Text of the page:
I live fairly close to the church where I work and I’ve done a lot of talking about how I could easily and should walk or bike to work sometimes. I’ve only actually done it once, but it was on my day off and I had left my car at work the night before, turning a wise life choice into tomorrow’s workout. The shortest route on foot is two miles and it involves walking on the Richland Creek Greenway that loops a gIMG_6861olf course, one that I have circled countless times myself, though never fully dressed for work or carrying a bag that contained more than my BYOB to a friend’s house for dinner. Today, under my coat, I was fairly prepared for the elements with my sweater and skirt, tights, and boots (Okay, they’re booties. And they’re from the Vince Camuto outlet store, so this isn’t exactly an all-terrain situation.). With a Kate Spade tote bag on one shoulder and a vintage Louis Vuitton knockoff over the other, I wondered what other great wilderness wanderers and survivalists would think of me, should we meet in a strange cross section of shared illusory experience. Alexander Supertramp burned all his cash and social security card before heading into the wild. No phone, no pool, no pets, no cigarettes.” Check. The Revenant guy just wore fur from the stuff he killed, probably (haven’t seen it), which is kinda fancy like my bags so maybe I was on the right track after all.

In the stillness of that frigid morning, I was mostly alone. I met one or two other individuals who, based on their proper outerwear, were more intentional about their jaunts than I, but otherwise, the quiet solitude was eery. I’m usually alone on walks or runs but I traverse the worn path in the intentionally distracting company of whoever is speaking or singing to me through my earbuds. This morning, the cold temperatures had frozen my iPhone and my earbuds were in a knot on the TV cabinet, right beside my keys. Without the very fitting Bon Iver soundtrack I would have supplied to enhance the drama of this experience, I shuffled across the snowy bridges and dodged patches of slush that would take me down in a hot second. I noticed, with a white backdrop, how clearly I could see through to the golf course and thanked my body for never having to take one of those emergency mid-run bathroom breaks for which I had scouted out these very patches of bramble cover. I moved along and wiped tears from behind my glasses, in desperate search of significance beyond what was turning out to be a far less extraordinary morning than I had hoped.

I spent the rest of the day thawing out in my office, deeply aware that I had intentionally allowed the morning to be more difficult than it had to be. I could have paced around the driveway to keep myself warm for 14 minutes while someone came to pick me up. I could have knocked on the door of a number of my neighbors’ houses to wait inside. I could have called 100 other people. But I chose discomfort–and not just for a good story, as I admit to having done before. Perhaps, even before remembering it was Ash Wednesday, the penitential nature of the day bubbled beneath my skin, propelling me to act in this way– to deprive myself of something or to feign a rustic existence for 45 minutes. I believe that the Spirit calls us all in different ways, in different voices, to different things and, yesterday, without cognizant intention, I said yes to a call to break routine, to veer from comfort, to pay attention to the world around me and to the hear and listen to the desires within me that cry out in response.

For me, choosing the harder, messier, less comfortable path marks the hunger for experience that nourishes my creativity. My typical days involve a scrolling marquee of ideas upon which I could expound, but don’t; sometimes they earn some initial paragraphs in a now idle Pages document but usually, I condense them to 140 characters and move on to the next one. I quickly and easily talk myself out of doing a thing I love to do, whether it’s because I think it’s not worth the time or no one will read it or it’s never going to be as good as I want it to be. This morning, I invited something to rattle me, to shake me awake and to help me remember who I am.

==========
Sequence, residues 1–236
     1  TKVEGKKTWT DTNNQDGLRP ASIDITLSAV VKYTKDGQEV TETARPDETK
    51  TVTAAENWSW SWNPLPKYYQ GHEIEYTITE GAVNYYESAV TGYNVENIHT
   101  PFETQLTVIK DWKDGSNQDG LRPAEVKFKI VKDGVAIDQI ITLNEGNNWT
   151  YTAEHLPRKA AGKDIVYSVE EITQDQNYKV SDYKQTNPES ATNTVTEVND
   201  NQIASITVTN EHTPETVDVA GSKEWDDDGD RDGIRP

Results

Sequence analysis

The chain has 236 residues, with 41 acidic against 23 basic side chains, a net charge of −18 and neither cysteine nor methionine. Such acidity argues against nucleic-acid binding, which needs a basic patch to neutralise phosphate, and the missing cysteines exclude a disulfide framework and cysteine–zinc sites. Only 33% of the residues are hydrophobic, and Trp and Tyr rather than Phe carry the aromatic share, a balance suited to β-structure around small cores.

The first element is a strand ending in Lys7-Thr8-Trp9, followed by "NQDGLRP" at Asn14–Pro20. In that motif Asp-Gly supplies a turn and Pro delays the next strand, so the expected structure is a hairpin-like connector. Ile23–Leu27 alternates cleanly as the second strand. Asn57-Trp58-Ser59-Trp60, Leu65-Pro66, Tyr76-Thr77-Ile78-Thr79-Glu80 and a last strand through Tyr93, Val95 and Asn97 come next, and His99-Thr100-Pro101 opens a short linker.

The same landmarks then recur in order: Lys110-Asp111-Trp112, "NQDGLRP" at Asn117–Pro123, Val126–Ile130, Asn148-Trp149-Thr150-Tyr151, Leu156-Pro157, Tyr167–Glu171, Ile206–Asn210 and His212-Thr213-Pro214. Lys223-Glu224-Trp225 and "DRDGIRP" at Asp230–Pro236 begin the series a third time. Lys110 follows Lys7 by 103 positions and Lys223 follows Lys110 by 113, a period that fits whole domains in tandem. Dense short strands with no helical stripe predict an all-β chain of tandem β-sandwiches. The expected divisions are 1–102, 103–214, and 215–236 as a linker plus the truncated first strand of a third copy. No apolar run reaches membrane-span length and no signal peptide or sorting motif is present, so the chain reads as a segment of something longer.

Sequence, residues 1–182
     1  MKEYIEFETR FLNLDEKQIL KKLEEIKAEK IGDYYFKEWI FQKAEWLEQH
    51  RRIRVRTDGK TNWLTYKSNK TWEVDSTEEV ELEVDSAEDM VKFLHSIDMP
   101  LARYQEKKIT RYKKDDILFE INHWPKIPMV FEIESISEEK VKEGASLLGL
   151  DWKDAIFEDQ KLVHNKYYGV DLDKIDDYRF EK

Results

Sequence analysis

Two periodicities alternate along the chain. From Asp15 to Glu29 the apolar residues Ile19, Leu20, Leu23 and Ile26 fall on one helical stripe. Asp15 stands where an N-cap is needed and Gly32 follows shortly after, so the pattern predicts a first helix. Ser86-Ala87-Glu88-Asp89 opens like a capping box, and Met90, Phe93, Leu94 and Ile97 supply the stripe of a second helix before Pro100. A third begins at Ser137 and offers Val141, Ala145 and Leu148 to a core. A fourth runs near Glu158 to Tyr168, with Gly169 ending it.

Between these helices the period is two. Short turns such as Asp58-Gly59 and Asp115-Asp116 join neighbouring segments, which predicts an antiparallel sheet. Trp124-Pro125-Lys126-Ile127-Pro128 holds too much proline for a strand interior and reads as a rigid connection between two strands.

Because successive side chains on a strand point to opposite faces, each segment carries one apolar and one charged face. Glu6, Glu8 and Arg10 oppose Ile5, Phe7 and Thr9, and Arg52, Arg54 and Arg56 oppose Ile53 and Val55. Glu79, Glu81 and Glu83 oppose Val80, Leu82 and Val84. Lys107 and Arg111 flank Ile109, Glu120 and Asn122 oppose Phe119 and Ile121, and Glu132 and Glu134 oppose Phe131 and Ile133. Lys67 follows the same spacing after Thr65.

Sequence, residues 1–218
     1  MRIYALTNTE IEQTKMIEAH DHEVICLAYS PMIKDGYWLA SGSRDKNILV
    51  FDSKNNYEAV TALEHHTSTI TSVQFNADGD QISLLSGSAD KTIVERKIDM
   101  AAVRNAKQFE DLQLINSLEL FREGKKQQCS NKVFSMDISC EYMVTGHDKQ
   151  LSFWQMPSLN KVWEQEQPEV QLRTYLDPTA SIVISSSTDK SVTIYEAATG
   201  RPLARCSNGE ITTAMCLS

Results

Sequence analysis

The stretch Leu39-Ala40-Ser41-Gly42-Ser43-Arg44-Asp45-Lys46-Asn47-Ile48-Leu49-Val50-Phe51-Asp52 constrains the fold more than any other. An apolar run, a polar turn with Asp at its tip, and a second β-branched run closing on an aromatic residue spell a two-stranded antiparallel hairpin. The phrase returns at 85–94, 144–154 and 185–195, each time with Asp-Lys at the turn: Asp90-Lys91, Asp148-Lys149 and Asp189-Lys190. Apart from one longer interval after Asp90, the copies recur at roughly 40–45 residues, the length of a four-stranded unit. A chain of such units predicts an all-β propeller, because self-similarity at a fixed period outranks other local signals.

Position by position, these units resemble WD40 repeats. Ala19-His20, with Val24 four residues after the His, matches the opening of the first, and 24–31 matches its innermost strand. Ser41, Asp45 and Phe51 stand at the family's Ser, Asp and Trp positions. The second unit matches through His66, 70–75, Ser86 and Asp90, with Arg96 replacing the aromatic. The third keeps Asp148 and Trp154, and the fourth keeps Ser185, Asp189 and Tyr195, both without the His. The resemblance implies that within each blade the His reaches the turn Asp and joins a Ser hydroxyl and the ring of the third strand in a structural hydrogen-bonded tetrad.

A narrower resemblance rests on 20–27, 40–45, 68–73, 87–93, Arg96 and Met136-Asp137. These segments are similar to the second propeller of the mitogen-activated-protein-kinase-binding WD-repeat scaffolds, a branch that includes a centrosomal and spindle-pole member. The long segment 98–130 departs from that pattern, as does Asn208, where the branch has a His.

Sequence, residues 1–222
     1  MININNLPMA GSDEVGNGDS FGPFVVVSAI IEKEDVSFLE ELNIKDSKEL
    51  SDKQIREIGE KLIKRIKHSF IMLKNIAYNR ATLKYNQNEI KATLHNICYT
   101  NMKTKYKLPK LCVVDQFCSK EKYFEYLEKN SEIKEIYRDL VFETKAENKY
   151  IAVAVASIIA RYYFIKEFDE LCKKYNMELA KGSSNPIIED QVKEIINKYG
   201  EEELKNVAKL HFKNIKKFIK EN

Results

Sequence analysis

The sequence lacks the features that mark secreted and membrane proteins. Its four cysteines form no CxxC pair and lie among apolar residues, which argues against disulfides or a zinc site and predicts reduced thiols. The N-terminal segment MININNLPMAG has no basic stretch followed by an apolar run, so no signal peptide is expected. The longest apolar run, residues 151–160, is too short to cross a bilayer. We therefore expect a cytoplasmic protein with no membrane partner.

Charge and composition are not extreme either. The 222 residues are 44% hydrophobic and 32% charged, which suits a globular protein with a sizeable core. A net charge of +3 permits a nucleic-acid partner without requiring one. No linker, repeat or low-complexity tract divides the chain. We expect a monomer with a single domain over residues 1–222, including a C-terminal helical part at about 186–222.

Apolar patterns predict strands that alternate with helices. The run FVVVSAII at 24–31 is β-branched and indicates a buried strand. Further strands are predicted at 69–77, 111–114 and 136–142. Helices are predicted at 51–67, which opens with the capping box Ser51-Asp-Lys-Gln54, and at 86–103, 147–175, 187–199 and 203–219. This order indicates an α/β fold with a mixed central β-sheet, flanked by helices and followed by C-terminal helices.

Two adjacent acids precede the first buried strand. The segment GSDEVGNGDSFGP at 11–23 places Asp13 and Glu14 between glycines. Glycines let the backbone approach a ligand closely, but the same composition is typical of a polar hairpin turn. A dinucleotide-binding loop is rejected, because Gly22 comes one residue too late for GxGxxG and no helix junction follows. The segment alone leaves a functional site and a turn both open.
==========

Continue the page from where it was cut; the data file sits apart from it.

And as much as I didn’t want to add to the flood of commentary about Ash Wednesday, but rather compose a silly overdone description of a how I survived the harrowing elements with only my wit and bowl of chili to sustain me, my Lenten reflection found me– mortal and broken and losing a staring contest with myself. I won’t be giving up anything for Lent this year (and will definitely be investing in a Hide-a-Key), but I’m grateful for mornings like this one when my propensity to be difficult opens a door to remember other parts of me. My eyes and ears are open, ready to learn, ready to search, ready to receive what is already before me. Ready to take a different route every  now and then. Ready to do whatever it takes to hear that cry and to listen to it. Ready to trust and to say yes.

another christmas in the trenches*

Every year, my family and I attend the Christmas Eve service at our church. Every year, I fulfill a deeply anticipated cry. It has become an expected stronghold of my yuletide existence, not just to cry through this annual 30 minute episode, but to feel an intense tearfulness throughout the holiday season. I can attribute this to a number of very viable excuses, most of which stem from memories of tearful Christmases past: the year I didn’t come home for Thanksgiving, then worked at Starbucks and was, thus, berated with holiday music that only dug deeper the pit of my insatiable homesickness; that same year that we spent Christmas in the hospital with my dad; the year that I was home from college for the first time and we had just learned that my grandmother had breast cancer and then, at church, this ancient bitch’s stupid mink coat needed the space in the pew that would have otherwise allowed for our family to sit together. Or maybe it’s because every year I can’t stop thinking about people who don’t have families and, without knowing them or having heard their stories, I grieve that their Christmas is not nearly as appropriately Norman Rockwell-esque as mine is sure to be. Maybe I am the one who feels lonely and, despite the enveloping love of my family and our traditions, I look around and mourn my failure to assume my place at this celebration feast, and then I wonder if I’ve lost it for good or if next year will be better. I am wholeheartedly capable of dealing with situational trauma or emotional difficulty during any season, even one that we have to revisit each year with more forced enthusiasm and joy than the last, but there is something inherently sad about Christmas and it finds me every year.